English could score in so many different ways despite his unorthodox jump shot. Hamilton isn't the most impressive athlete in the draft, but he gets the job done with his knowledge of the game. English had a much longer wingspan than Hamilton has, but both players possess an all-around game.
Hamilton needs to work on his shot selection, as he'll likely have a better supporting cast than English ever did.
Marcus Morris reminds me of Rasheed Wallace in so many different ways.
Morris' rare ability to be a strong post presence, along with the ability to shoot lights out from three-point range, makes him very similar to Wallace. Both players are good rebounders, with some skill at beating their defender off the dribble. Even their body types are remarkably similar.
This may be the most spot-on correlation on the entire list.
Klay Thompson's unreal three-point shooting stroke reminds me of Glen Rice.
Rice is one of the best pure shooters the game has ever seen, but can score in other ways too. Thompson is the same way, with little else to brag about in his game. Rice was one of the most consistent shooters the game has ever seen, and Thompson has the potential to be up there with him.
Thompson looks like he could be a great catch-and-shoot player in the NBA.
Adrian Dantley was technically a small forward, but he played like a power forward.
Tobias Harris' skills off the dribble and with his back to the basket resemble Dantley, as does his body type. Neither player gets by with tremendous athleticism, using high basketball IQ to get the job done instead.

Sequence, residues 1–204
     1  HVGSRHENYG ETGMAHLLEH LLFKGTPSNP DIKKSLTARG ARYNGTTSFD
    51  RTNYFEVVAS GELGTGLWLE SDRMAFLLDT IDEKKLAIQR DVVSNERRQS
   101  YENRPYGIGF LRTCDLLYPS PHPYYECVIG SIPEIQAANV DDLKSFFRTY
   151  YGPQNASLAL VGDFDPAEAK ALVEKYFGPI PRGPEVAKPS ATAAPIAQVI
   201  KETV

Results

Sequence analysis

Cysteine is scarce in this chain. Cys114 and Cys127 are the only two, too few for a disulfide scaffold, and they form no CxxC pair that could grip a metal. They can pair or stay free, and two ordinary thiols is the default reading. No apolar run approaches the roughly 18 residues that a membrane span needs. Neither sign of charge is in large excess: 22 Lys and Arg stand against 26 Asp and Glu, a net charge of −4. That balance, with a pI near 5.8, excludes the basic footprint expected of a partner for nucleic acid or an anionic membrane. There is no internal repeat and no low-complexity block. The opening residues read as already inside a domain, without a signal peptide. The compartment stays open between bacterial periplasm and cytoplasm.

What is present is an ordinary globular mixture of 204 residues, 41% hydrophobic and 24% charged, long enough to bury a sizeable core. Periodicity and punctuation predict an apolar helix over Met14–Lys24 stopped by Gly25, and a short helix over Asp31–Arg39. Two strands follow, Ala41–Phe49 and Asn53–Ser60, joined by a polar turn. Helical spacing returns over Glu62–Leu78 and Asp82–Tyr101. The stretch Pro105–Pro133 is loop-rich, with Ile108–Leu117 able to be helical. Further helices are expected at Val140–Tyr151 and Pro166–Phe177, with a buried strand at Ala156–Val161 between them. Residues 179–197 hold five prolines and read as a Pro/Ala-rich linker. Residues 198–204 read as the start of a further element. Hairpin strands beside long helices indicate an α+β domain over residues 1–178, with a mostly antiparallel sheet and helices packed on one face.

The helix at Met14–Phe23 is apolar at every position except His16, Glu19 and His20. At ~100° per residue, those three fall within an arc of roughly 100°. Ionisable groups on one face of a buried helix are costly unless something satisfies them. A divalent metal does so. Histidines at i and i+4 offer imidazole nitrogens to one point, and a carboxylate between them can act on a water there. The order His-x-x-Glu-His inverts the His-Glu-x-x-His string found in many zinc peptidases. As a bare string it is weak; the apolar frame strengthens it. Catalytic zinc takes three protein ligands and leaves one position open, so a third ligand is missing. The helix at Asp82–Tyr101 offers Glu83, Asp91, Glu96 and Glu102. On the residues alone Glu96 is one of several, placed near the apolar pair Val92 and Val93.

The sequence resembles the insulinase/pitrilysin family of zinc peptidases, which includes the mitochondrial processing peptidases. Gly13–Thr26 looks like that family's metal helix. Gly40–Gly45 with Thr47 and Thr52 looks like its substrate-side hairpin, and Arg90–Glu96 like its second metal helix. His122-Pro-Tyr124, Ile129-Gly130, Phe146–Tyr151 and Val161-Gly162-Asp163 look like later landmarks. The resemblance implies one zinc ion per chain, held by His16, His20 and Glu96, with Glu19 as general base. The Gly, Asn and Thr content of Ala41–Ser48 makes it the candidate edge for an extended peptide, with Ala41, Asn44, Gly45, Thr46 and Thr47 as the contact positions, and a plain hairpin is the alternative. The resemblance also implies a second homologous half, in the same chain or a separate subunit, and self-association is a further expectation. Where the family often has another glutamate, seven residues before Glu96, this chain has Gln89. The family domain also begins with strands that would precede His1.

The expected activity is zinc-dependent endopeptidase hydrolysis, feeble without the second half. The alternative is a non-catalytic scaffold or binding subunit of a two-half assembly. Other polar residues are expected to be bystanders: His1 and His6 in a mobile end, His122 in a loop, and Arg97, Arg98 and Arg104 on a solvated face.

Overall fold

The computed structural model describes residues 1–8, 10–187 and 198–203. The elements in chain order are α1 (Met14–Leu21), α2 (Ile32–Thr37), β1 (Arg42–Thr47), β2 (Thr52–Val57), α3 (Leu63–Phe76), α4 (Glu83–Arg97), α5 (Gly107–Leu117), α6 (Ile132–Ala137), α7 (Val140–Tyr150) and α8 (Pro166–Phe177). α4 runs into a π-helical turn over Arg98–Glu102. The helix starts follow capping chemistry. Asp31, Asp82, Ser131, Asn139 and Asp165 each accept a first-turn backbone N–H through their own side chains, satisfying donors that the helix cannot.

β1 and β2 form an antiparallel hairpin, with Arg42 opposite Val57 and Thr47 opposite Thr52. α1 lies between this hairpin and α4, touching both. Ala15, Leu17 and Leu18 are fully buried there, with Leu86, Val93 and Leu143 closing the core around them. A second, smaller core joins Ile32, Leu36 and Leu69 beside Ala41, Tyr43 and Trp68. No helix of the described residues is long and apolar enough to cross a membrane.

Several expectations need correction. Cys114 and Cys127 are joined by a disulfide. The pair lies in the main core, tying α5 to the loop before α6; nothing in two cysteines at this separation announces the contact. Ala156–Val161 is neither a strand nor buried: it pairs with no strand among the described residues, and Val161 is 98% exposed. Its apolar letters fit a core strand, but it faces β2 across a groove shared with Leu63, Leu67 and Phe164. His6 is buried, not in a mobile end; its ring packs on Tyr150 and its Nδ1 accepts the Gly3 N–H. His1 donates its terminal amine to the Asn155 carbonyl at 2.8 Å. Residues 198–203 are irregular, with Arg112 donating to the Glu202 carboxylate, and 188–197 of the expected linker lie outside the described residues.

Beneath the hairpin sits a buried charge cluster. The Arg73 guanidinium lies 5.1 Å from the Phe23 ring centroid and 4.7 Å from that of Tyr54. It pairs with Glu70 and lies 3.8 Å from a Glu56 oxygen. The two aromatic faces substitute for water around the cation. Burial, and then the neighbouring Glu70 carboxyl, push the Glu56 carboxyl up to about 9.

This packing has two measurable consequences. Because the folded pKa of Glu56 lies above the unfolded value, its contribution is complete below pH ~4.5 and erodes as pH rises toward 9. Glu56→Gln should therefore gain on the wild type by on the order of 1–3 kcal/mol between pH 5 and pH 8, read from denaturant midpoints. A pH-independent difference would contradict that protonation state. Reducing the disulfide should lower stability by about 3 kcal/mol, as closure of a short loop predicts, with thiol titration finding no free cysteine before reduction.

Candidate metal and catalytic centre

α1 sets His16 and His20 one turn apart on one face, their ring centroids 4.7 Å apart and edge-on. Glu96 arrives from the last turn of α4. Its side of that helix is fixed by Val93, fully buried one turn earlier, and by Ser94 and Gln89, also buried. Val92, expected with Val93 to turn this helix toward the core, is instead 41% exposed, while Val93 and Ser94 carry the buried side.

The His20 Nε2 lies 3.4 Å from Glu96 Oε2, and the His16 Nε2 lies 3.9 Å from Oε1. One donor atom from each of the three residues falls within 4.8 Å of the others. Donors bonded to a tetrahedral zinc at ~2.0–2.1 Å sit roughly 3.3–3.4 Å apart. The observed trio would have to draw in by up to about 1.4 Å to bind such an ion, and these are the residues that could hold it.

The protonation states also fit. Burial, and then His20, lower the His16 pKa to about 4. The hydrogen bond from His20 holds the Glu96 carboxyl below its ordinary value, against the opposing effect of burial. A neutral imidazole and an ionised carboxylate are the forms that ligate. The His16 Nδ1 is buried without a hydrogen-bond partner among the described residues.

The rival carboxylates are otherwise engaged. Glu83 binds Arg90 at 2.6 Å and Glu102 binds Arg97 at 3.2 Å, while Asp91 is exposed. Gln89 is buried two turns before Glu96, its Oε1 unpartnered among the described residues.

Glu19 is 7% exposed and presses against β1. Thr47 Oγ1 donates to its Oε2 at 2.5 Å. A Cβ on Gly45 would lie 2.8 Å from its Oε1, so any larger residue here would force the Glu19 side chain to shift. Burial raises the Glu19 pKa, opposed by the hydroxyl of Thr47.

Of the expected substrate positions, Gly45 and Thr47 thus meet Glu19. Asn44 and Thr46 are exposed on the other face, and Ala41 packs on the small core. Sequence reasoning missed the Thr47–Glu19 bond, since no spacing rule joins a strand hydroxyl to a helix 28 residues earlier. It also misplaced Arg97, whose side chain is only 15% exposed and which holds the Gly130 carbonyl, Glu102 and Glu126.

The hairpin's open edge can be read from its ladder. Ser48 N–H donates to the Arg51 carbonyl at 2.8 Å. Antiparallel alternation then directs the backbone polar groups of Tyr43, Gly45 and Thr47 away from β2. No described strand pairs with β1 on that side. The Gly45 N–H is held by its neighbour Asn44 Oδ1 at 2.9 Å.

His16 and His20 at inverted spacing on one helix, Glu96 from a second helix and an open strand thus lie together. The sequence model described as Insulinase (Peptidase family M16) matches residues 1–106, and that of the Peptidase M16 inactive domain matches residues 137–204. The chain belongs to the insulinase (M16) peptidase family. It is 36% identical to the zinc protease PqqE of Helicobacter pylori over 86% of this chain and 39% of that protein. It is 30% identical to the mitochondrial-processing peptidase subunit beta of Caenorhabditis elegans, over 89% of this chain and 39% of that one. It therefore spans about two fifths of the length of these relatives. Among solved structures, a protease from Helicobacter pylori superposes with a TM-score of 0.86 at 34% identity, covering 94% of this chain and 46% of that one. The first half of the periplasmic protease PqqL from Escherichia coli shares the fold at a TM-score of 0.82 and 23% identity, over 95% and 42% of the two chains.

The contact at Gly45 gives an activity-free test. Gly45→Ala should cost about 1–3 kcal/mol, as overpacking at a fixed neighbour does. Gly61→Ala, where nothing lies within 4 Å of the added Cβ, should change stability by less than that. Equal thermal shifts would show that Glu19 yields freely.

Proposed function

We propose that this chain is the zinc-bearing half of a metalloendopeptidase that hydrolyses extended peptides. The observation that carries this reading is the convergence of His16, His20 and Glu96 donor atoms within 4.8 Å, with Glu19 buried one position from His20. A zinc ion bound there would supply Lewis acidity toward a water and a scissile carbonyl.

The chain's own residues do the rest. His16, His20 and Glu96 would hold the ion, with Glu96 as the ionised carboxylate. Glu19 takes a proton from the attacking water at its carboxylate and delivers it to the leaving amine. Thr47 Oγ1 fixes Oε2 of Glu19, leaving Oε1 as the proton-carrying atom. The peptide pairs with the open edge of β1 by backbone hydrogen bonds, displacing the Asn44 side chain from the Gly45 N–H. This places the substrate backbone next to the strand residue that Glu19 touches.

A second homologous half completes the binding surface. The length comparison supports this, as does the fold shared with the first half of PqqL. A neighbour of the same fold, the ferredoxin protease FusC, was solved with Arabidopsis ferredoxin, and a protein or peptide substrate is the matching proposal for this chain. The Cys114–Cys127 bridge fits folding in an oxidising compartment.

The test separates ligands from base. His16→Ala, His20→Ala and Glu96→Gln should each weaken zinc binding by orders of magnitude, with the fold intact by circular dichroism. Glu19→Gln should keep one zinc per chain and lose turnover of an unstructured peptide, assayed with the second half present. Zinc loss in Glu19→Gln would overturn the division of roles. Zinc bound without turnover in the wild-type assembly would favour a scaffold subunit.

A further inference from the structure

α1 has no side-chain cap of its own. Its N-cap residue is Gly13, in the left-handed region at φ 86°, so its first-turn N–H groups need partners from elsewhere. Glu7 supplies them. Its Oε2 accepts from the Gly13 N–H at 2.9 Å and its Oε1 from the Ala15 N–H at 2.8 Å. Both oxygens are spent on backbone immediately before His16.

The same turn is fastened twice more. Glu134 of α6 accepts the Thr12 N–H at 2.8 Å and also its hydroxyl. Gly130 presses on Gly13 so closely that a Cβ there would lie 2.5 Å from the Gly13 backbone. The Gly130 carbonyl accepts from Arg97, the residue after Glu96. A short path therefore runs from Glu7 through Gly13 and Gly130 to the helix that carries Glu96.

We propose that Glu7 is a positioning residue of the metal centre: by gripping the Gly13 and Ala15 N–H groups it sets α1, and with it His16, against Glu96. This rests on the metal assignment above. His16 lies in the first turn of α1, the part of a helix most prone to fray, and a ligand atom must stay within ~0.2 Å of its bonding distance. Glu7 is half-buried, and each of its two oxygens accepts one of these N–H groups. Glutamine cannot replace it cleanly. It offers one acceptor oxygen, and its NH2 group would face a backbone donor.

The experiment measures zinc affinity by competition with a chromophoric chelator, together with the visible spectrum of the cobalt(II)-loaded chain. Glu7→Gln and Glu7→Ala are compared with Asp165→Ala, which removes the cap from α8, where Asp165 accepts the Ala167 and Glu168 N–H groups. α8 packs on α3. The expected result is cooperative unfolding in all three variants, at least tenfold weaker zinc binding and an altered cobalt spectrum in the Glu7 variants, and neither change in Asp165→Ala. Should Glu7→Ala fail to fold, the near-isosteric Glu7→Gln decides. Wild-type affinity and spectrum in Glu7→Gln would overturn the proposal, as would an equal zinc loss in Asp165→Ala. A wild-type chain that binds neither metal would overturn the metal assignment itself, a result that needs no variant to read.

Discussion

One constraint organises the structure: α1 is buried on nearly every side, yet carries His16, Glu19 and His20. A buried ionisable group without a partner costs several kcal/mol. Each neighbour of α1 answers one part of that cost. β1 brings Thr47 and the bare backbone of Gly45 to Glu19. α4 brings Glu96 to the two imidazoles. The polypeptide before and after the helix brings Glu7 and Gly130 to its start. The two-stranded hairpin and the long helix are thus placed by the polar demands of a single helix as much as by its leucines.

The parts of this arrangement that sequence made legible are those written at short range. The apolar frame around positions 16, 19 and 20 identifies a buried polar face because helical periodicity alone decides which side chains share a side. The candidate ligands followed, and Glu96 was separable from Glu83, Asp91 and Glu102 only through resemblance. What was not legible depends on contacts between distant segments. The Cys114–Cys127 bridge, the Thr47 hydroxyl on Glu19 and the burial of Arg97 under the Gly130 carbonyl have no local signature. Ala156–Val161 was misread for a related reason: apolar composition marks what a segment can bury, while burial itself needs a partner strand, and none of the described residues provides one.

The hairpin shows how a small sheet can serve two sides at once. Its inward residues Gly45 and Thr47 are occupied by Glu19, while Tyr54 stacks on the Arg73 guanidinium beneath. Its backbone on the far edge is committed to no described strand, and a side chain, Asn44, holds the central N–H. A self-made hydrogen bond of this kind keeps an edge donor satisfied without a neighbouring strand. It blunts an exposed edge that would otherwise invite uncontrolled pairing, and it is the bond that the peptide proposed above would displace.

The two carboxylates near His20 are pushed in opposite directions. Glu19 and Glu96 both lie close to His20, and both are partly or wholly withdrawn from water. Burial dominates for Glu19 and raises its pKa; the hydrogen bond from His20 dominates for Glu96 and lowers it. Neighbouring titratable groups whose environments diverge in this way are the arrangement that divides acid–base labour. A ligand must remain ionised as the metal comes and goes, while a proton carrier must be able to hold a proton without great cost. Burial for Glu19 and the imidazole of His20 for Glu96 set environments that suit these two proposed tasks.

Harris' improvisation around the rim could also be equated with Dantley's.
Jimmer Fredette loves to pull up off the dribble.
Mitch Richmond used to be one of the best in the game at surprising the defenders with a jump shot out of nowhere. Anyone can do that, but Fredette and Richmond share the ability of hitting more than they miss. In order to pull this off, both players need elite ball-handling ability.
Fredette can only hope to have career stats like Richmond, because his entire career relies on his shot.
Isiah Thomas is one of the few point guards of the past with the athleticism of someone like Selby.
Selby has a strong build that resembles Thomas, and he excels at driving to the hoop. Both players are extremely aggressive on defense and have a sort of flash to their game. After a dunk, you'd see either player signaling to the crowd or yelling in celebration.
Selby is virtually all potential right now. He still needs a couple years to develop.
Marshon Brooks doesn't have the finger roll that George Gervin had, but it's the scoring touch that brings about the comparison.
Absurd wingspans make both players appear the same. Brooks is a good rebounder for a guard with a quick first step and an above average jump shot. Brooks can truly finish around the rim, although no one did it quite like Gervin did.
Brooks may struggle with the transition initially, but he'll get the hang of the NBA soon enough.
Kenneth Faried was the best rebounder in college last year, despite his inferior size.